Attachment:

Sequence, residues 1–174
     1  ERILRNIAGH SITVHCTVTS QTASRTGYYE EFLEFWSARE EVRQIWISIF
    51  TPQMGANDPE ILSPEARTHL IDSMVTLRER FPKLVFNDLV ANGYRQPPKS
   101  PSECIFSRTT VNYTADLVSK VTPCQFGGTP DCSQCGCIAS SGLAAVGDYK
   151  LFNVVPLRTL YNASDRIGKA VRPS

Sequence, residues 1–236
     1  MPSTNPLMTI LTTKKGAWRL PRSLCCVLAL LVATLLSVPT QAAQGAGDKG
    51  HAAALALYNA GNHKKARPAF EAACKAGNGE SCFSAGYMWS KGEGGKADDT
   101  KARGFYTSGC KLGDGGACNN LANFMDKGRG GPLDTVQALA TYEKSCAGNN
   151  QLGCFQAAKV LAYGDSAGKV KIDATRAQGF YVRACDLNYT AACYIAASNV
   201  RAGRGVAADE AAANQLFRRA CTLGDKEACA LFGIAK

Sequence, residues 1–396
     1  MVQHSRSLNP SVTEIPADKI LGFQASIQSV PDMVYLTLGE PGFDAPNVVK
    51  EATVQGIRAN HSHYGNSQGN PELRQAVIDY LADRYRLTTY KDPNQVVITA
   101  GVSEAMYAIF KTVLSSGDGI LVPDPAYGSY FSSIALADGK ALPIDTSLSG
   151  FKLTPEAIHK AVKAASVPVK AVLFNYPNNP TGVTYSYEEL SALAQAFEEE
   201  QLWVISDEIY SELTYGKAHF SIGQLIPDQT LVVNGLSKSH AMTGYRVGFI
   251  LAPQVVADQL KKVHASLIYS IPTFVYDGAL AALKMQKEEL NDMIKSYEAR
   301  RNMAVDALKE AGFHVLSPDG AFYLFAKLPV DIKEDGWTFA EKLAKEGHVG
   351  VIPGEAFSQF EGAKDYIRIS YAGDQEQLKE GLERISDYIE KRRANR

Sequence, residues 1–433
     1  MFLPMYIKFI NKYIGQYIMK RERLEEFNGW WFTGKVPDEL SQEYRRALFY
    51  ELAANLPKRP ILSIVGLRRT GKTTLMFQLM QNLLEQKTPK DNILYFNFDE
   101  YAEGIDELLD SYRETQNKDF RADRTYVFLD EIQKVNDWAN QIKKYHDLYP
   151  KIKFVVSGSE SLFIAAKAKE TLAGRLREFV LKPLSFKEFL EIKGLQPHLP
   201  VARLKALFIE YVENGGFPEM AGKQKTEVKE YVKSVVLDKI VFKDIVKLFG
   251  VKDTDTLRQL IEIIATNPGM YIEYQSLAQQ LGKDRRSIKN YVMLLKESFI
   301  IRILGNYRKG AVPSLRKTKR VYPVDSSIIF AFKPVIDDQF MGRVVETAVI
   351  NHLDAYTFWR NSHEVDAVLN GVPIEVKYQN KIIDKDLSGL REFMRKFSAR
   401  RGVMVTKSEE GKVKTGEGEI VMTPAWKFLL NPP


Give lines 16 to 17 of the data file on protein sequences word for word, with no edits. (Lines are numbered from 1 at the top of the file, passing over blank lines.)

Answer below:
   151  FKLTPEAIHK AVKAASVPVK AVLFNYPNNP TGVTYSYEEL SALAQAFEEE
   201  QLWVISDEIY SELTYGKAHF SIGQLIPDQT LVVNGLSKSH AMTGYRVGFI